Knowing exactly what I was going to be offered with Ozark, was actually a good thing — it allowed me to be sufficiently surprised when things were dealt with differently. Take for example, the scene in Chicago where Marty is about to confront his wife Wendy; in the middle of the sh*tstorm created by Bruce and while he’s planning his family’s move to the Ozarks, Marty learns that Wendy has emptied their joint checking account. Furious, he drives over to her lover’s 80th storey apartment, cursing Wendy as part of an inner dialogue with himself. I was preparing myself for their awkward confrontation (and maybe a punch or two) as Marty gets out of his car — just as Wendy’s lover’s body falls down with a loud thud on the pavement just a few steps from Marty. Turns out, cartel enforcer Del already had tabs on Marty and Wendy’s financial situation; realising something was fishy, he got to Wendy before Marty. Throwing Wendy’s lover out the balcony was just in case the Byrds needed any more warnings.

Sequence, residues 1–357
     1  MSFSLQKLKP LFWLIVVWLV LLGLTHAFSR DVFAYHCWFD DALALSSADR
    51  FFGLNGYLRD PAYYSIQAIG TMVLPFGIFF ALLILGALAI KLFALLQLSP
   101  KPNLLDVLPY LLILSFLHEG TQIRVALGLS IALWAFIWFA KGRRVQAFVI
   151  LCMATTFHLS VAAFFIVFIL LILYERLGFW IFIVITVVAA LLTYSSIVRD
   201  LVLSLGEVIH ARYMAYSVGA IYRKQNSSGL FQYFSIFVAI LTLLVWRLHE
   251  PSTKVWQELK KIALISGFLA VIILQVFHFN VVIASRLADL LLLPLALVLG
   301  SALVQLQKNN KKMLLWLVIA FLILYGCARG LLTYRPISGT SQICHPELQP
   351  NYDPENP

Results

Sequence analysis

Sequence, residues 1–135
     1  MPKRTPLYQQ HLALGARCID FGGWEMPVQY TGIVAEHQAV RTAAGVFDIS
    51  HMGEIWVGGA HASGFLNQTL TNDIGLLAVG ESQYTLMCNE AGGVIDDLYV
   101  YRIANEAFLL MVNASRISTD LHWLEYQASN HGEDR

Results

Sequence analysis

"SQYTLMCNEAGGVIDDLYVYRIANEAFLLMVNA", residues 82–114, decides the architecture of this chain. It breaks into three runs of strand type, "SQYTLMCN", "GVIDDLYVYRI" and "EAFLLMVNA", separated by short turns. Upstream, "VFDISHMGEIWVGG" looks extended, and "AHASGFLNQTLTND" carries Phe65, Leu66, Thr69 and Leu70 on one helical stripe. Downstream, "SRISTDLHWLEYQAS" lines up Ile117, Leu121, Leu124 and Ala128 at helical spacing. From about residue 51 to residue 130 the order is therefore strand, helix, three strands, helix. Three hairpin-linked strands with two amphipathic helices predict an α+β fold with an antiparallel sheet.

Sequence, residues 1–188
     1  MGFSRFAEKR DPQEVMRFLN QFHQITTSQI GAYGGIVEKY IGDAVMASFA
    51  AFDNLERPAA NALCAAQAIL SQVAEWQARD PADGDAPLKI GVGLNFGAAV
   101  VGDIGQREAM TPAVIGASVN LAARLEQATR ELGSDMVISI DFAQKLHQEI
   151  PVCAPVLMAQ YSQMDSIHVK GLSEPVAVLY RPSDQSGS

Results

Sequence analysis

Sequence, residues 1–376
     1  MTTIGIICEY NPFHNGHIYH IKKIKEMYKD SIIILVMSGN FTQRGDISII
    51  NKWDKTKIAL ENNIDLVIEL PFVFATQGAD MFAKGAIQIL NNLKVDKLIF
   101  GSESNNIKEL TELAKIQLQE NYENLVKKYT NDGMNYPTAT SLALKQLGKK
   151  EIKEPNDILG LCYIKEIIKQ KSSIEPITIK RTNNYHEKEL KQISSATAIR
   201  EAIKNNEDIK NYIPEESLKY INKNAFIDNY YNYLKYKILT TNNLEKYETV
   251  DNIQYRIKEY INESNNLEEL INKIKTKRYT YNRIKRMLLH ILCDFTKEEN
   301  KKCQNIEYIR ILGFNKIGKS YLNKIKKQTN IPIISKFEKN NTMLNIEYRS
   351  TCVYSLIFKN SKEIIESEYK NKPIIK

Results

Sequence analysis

Wendy’s infidelity and her straight up owning it, as well as her involvement through everything as Marty’s partner in crime and all their schemes, is also a great change of pace from the good wife archetype. Laura Linney plays the part of Wendy with such gleeful abandon that, midway through Ozark’s 10 episodes, I’d started to wish the show was just a straight up old-fashioned caper with Wendy at the helm; the charming (and somewhat melodramatic) manner in which she deceived and manipulated people into getting what she wanted, was fascinating to watch. Whether it was getting a lakeside home in the Ozarks, a job at the local real estate agent’s (at the cost of the agent firing his own mother!), a pint of organic pistachio ice cream from the local supermarket, or even the local pastor to agree to let her and Marty donate their to-be-laundered money to build a church (until then, the pastor would hold morning sermons on the lake...because this is the Ozarks and everyone has a boat, natch! Also, local heroin farmers use the pastor’s lakeside sermons to distribute their goods through the Bibles...but that’s a whole other story!).